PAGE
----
Mitsubishi 380 Review Australia | Features, Specification, Price
- Car Reviews,
- Sep 24, 2020
There are seldom any cars that have seen so much heat as the Mitsubishi 380. Indeed, it had a critical role in the company’s operations in Australia, with a pivotal point. It was meant to be a car that could either make or break the business in the country. Needless to say, the Mitsubishi 380 was required to maintain a healthy local supplier industry.
Initially, Mitsubishi had forecasted yearly sales of almost 32,000 when the car was launched in 2005. Unfortunately, the 380 could not live up to the expectations and the sales for the first year were a total of 5,000 cars sold. Compared to the competitors like the Ford Falcon and the Holden Commodore, the Mitsubishi 380 fared poorly.
Thereafter, Mitsubishi knew they had to make some revisions to boost the sales. It was decided to make some pricing adjustments to start with, which gradually improved the sales percentage. The yearly target was still far off, but there were considerable improvements from where they started off. Dive into our Mitsubishi 380 review to find out the factors that are attributed to its sales. And the reason why it is a good buy today.
Produced by Mitsubishi Motors Australia as a mid-size car. The Mitsubishi 380 was only available as a sedan body type. Production started in 2005 and ended abruptly after only three years in 2008. Incidentally, the 380 also marked the end of Australian production by the Japanese car manufacturing company.
Today, the 380 is hailed as a great local car. It is robustly built and has excellent NCAP safety ratings. The running costs are reasonable and many Australian motoring clubs have the 380 as their good books.
And when Mitsubishi readjusted the prices, things further improved for the better. The base model saw changes in price since that was the model aimed at lifting most of the sales. But the top end models like the Mitsubishi 380 VRX and GT also got reductions in their prices.
Design and Production:
The Mitsubishi 380 was meant to be a replacement to the Mitsubishi Verada and the Magna cars. These cars had been in production since 1985, also available as only sedans. The 380 was given the model designation DB. It is estimated that a whopping $600 million were spent on the design and production of the 380.
The design is heavily based on the ninth generation of the Mitsubishi Galant. Which was available in the United States. As per Mitsubishi’s tradition, the 380 applied the same front-wheel drive in the sedan. Their main rivals were the Toyota Aurion, Ford Falcon, and the Holden Commodore range.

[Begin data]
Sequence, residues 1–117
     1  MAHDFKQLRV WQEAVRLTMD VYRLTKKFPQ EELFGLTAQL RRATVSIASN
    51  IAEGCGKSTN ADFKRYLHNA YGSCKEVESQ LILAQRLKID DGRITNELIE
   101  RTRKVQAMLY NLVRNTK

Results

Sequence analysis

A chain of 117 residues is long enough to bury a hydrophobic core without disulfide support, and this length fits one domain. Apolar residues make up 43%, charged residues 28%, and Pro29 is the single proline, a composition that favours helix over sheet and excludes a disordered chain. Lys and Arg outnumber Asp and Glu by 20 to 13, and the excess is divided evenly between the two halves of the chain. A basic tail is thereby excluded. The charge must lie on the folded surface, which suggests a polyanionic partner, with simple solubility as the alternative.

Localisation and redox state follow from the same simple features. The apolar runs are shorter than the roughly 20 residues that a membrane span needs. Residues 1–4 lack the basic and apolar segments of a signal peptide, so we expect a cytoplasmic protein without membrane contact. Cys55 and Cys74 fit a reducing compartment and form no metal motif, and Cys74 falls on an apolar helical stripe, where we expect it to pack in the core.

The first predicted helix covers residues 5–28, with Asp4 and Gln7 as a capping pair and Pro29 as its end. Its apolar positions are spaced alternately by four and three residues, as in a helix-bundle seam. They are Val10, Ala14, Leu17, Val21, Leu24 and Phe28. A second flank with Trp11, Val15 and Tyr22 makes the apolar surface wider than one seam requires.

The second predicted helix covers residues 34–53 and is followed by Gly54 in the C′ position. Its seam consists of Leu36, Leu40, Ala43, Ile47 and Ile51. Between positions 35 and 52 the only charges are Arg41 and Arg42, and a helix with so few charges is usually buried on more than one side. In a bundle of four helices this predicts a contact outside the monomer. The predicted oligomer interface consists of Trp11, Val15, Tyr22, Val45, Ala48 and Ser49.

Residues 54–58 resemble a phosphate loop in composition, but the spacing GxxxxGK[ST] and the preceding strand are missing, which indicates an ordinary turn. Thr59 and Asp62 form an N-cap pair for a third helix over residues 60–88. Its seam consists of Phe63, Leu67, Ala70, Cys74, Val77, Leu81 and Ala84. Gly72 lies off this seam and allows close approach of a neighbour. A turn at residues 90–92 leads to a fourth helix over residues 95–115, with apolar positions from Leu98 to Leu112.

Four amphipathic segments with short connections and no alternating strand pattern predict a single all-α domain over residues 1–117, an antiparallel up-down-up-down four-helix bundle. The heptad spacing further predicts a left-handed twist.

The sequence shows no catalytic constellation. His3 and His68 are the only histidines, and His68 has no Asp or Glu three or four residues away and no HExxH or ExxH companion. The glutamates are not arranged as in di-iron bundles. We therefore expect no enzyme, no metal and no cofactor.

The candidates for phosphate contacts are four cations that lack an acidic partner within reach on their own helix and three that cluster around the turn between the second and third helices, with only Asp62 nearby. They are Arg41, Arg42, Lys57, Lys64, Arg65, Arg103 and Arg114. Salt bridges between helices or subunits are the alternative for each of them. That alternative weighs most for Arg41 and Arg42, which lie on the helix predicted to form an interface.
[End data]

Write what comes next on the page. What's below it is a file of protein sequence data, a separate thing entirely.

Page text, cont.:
Before the launch of Mitsubishi 380, the car was prophesied to make or break Mitsubishi Motors Australia. The initial reception resulted in slow sales and hence Mitsubishi decided to revamp things. The line up was updated in 2006 with the Series II and the subsequent Series III in 2007. Sales improved, but not much, and in 2008, production ceased.
Mitsubishi 380 Engine:
The Mitsubishi 380 is powered by a 3.8-liter single overhead cam V8 engine. The engine is capable of producing 175 kW of power and 343 Nm of torque. Thanks for the strong mid-range torque, the 380 offers some great drivability. It applies a front-wheel drive, which gives a strong grip on-road. If driven sensibly, you can be sure to yield a respectable fuel economy.
The drive is very exact and goes from lock to secure a sensibly snappy 2.8 turn. However, this is halfway because of the reality the wheels do not turn all that firmly. The turning circle is no superior to 11.2 meters.
With its 215/55R17 tires, the 380 GT offers a great grasp to coordinate the immovably controlled ride. It is not exactly an Audi regarding driving elements. But it is still better than some other comparable size nearby front-wheel drives we have encountered.
The dealing with is a front-drive safeguard, which implies it favors understeer when stretched. Be that as it may, this is set at levels past what you will typically encounter. So the overall sensation is one of brisk, sharp reactions in pretty much all conditions. Electronic soundness control still cannot seem to discover its way into the 380.
The all-ventilated plates brakes, with four-channel ABS and EBD, are awesome as well. In-house testing showed the Mitsubishi pulls up from 100km/h in 43 meters contrasted. And 47 meters for the current Ford Falcons.
As far as driving dynamics there are no doubts. What with the multi-flexible games seat, lumbar change, and additional horizontal cushioning. -Yet some arrive at alteration for the controlling wheel would have been pleasant. Furthermore, we still can't seem to encounter the 380's capacity to convey a significant driving experience.
Mitsubishi 380 fuel consumption is quite good, considering that it has a powerful V8 engine. However, it requires premium fuel which means that it is not cheap to maintain and run. Reportedly, the 380 can do 15L/100 km in the city. And is more reasonable on the highway, doing 11L/100 km.
Mitsubishi 380 Problems:
If you talk about recalls, there were none in regard to the 380. However, there were some minor issues that nagged the 380 along with its life. People found it difficult to park and the steering wheel was heavy at low speeds. There was no stability control to speak of. The interior was also not the best of quality, with the material scratchy.
The Mitsubishi 380 offers an excellent drivetrain and dynamics. Which can be expected from Mitsubishi. Even though the prices were high in the start, the readjustment took care of that. The price became achievable for many buyers and today, the 380 is a great option if you are looking for a local second-hand sedan.
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